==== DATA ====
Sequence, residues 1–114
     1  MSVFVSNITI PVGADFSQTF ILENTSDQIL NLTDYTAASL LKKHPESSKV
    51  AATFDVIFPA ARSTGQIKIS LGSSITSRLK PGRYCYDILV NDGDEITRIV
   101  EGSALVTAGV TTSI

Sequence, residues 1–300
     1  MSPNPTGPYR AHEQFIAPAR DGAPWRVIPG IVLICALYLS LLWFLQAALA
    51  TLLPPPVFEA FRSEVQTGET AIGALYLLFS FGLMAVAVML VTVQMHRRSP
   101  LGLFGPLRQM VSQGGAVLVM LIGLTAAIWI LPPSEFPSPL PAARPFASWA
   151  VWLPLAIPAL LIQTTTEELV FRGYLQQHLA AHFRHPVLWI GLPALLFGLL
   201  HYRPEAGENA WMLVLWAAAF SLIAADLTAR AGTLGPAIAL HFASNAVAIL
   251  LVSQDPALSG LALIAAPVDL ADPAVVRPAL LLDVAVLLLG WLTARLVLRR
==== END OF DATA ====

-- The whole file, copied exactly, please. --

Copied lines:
Sequence, residues 1–114
     1  MSVFVSNITI PVGADFSQTF ILENTSDQIL NLTDYTAASL LKKHPESSKV
    51  AATFDVIFPA ARSTGQIKIS LGSSITSRLK PGRYCYDILV NDGDEITRIV
   101  EGSALVTAGV TTSI

Sequence, residues 1–300
     1  MSPNPTGPYR AHEQFIAPAR DGAPWRVIPG IVLICALYLS LLWFLQAALA
    51  TLLPPPVFEA FRSEVQTGET AIGALYLLFS FGLMAVAVML VTVQMHRRSP
   101  LGLFGPLRQM VSQGGAVLVM LIGLTAAIWI LPPSEFPSPL PAARPFASWA
   151  VWLPLAIPAL LIQTTTEELV FRGYLQQHLA AHFRHPVLWI GLPALLFGLL
   201  HYRPEAGENA WMLVLWAAAF SLIAADLTAR AGTLGPAIAL HFASNAVAIL
   251  LVSQDPALSG LALIAAPVDL ADPAVVRPAL LLDVAVLLLG WLTARLVLRR